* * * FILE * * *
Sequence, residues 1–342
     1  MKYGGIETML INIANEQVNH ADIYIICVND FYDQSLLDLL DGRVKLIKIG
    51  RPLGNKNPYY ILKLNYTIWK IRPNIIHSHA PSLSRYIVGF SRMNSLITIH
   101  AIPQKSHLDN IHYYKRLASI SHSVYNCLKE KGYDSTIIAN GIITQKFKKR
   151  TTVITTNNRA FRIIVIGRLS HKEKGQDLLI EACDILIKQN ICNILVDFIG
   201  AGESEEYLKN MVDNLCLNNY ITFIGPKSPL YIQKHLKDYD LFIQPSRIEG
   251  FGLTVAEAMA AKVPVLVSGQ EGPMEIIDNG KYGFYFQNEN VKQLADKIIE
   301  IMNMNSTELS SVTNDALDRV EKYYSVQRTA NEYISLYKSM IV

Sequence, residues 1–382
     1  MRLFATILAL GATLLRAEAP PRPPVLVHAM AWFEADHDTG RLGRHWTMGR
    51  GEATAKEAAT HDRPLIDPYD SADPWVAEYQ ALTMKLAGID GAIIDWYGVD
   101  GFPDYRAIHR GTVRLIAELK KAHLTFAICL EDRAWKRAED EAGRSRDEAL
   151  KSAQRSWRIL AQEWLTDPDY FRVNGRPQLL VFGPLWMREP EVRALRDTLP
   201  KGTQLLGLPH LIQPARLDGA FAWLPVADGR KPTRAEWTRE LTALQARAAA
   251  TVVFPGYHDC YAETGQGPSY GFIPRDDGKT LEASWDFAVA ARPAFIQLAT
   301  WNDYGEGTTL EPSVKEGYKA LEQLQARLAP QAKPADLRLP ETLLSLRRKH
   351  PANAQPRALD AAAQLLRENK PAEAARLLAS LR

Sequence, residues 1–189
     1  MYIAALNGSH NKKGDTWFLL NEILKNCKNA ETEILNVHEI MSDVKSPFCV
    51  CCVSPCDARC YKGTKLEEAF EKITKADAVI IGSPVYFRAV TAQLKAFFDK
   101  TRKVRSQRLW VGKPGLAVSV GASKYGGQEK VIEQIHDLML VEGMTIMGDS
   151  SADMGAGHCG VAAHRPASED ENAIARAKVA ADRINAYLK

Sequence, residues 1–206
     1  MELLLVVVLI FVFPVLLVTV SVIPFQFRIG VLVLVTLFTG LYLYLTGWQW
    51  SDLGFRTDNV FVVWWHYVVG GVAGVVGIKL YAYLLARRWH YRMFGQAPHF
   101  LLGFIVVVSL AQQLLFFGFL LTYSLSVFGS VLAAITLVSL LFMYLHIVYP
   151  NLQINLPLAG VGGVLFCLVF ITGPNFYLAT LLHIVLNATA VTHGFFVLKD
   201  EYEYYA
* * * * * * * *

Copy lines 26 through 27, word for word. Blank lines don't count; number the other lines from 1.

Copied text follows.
   101  LLGFIVVVSL AQQLLFFGFL LTYSLSVFGS VLAAITLVSL LFMYLHIVYP
   151  NLQINLPLAG VGGVLFCLVF ITGPNFYLAT LLHIVLNATA VTHGFFVLKD